I’m sitting at my kitchen table.
Typing out words has always been my happy place. I started Italian Fix doing just that — typing out words about Italy. On a borrowed computer. At a kitchen table that I scored for free on Craigslist. I was a 30-something mom. Just moved back from Italy. Dreaming of creating, of being, of relating, and of helping with something I knew a lot about at this point… traveling Italy.
I still sit down to write, like I have done for 10 years. I just start by typing words. I see where things go.
I’m never sure how the words will turn out and I never know if the thoughts and ideas will “land.” But I keep going. Because becoming more of who you are is about allowing yourself to just be, in the middle of all that. In the mess of that. In the sadness and beauty and moodiness of all of that.
Back to that kitchen table… it’s not always the same one.
I’ve written these newsletters from my hometown, on an island in Canada (called Nanaimo), from my husband’s hometown, a seaside city in Italy (called La Spezia), from the breakfast table of many Italian villages and metropolises I’ve stayed in. Either on tours with clients, on my own, scouting new locations, or with my family on one of our road trips from Liguria to Sicily to Puglia and back. Then there have been the times when I’ve been on holiday, and when I “should not” be working, but I am working. Because ideas don’t know it’s Chritsmas or the weekend or your birthday — they just come. And I’m an ideas person.
I probably get my best ideas in bathtubs, during a massage, or when I should be sleeping. My brain fires on all cylinders most hours of the day, so in 2020 I started meditating regularly in order to be able to a) handle myself, and b) cope with owning a travel company during a pandemic.
Speaking of 2020, I almost lost Italian Fix that year. I scraped through by a chin hair. Italian Fix is still here for a couple of reasons. I didn’t follow the financial advice of smart people who know things (bankers, lawyers) when they told me to “restructure” the company — restructure is a word corporations like to use when they file bankruptcy so they can squeak out of debt with a clean slate. Instead, I went “grassroots” and asked my customers to hold on, to not ask for refunds, to wait until we could travel again. That seemed more fair to my clients and to my 10 years of building. And I discovered that most people are decent and want to help, and they did hold on. After two years of collecting zero revenue (we are a travel company, after all), I think we are officially out of the weeds. When we opened 2022 bookings, we had record requests for trips and we added more dates to meet the demand. Phew.
So, back to the kitchen table. I have a new one. I rent it.
I moved countries last year — Alessandro and Flora and I left Canada with seven suitcases and one dog and relocated to Costa Rica for a year. Rented out our house, sold our cars and put everything else in storage. That was in August. For some backstory, when my daughter was born, I knew the “stay in one town” life wasn’t for me. I always knew that I wanted her to go to an international school, and to be more worldly and all that jazz. But that dream was just sitting around collecting dust on the dreamboard for 10 years while I was busy raising a family, a company and myself. When she turned into a tween, I said to Alessandro, it’s now or never — are we going to do this? I had three countries as “maybes” in my mind: Italy, Portugal, and Costa Rica. We settled on Costa Rica because I found a great school, and living in the tropics just felt good when I thought about it. We had never been here before, not even on holiday.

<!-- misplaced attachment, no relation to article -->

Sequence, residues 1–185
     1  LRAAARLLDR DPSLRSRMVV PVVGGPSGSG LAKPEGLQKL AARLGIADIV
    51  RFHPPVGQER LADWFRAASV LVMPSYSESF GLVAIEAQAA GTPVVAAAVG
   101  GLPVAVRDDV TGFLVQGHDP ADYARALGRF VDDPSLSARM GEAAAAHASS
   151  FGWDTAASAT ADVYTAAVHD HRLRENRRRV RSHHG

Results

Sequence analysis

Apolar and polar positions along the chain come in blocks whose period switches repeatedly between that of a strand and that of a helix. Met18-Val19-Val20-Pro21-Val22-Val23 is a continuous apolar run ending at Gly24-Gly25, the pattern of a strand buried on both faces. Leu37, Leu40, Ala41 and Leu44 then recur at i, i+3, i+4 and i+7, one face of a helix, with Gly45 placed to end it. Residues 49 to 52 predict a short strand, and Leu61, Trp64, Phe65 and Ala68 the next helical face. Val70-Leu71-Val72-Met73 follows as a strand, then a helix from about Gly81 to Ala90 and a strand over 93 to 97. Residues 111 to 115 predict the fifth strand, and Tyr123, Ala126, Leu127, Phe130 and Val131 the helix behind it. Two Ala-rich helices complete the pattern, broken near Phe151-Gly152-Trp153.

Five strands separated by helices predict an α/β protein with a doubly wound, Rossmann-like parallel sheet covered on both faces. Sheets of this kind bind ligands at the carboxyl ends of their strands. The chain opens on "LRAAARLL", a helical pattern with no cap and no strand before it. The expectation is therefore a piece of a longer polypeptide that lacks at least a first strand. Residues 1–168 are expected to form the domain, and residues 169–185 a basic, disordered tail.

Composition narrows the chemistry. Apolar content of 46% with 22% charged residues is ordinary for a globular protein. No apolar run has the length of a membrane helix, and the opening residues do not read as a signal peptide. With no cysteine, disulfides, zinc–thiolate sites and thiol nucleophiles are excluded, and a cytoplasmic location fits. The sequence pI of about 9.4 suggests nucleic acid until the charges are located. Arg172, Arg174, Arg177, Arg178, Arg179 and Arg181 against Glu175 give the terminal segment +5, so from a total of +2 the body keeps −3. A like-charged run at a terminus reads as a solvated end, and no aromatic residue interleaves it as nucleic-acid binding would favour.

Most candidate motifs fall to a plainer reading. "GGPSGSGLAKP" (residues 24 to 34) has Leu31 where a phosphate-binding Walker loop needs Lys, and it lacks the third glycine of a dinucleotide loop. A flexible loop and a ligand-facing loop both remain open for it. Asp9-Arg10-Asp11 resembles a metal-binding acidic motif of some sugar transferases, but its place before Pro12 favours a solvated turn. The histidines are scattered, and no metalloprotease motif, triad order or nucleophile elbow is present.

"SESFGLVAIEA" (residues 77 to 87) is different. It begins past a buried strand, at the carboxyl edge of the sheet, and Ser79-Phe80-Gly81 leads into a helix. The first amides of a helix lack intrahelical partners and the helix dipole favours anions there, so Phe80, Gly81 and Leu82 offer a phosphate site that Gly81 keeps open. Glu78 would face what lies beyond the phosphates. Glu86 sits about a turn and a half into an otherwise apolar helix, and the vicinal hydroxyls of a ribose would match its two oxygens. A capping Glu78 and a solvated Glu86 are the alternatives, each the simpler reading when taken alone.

Shocker of all shocks: we love it here! Really-love-it-and-don’t-want-to-go-home kinda love it. Well, my husband and I do. My daughter is less thrilled about being here. But she’s 13 so… that comes with the territory. (I once saw someone on Twitter post: “I have a question about teenagers. And it’s… what the f**k?”)
Where we live in Costa Rica, it’s eternal summer. It’s full of energy and entrepreneurs and hustlers and artists and hippies and chill locals and surf and papayas and neverending blue skies and warm water. I’m happy with all those things.
I think the theme of the last few years has been “be brave.” When things feel impossible (like when my travel company is in the shitt*r). Be brave. When things need to change (like, move to a different country). Be brave. I’m looking forward to more eagle-soar-above energy and less phoenix-rise-up energy though — I’m sort of tired of those ashes. I know you are too.
There’s a collective exhaustion in the air. I can feel it. A little less on the beach down here, but I live on the internet all day so I can feel it through the pixels. It’s hard just trying to be normal right now.
I know the world feels confusing and maddening. But be brave. Do things that you really want to do. Do something you’ve been putting off. Do something you are called to. Start those dance lessons, go on that trip, start that business, get a puppy (or horse). We do all sorts of things because of the way we think it’s going to make us feel. What will make you feel more alive? More yourself? Do that. Put that on your dang dreamboard and don’t ask for anyone else’s opinion. Except for the expert on the matter: yourself. Ask yourself some good questions and I bet you’ll come up with some good answers.
Whatever you need in 2022, I hope you get more of it. I’m cheering for you.
I’ll be over here eating papaya in my bathing suit. That’s what I needed right now. (I might need a horse too.)
Leaving you with a few photos. These were taken just before we moved to Costa Rica and stopped wearing clothes.
From my family to yours — may 2022 bring you just what you need.
With love + papaya,
Images: Dirk Heydemann Photography